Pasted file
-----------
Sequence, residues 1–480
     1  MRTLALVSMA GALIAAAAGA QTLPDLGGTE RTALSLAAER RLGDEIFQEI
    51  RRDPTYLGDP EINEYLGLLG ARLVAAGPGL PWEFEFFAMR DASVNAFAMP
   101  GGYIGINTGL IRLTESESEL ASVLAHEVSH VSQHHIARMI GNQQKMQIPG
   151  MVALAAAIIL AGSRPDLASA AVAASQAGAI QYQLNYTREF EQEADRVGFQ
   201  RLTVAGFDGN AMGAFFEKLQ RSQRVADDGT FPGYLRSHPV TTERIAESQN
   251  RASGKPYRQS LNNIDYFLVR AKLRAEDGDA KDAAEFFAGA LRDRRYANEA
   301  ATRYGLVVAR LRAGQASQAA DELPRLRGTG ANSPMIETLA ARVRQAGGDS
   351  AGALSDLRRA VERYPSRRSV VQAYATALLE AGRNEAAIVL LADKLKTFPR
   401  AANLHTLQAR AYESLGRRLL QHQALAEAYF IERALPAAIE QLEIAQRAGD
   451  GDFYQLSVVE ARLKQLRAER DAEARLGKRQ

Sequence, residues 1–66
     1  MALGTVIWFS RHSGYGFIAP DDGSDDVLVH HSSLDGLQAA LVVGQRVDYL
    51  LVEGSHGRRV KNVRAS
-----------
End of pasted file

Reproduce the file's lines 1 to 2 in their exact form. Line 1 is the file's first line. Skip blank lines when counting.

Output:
Sequence, residues 1–480
     1  MRTLALVSMA GALIAAAAGA QTLPDLGGTE RTALSLAAER RLGDEIFQEI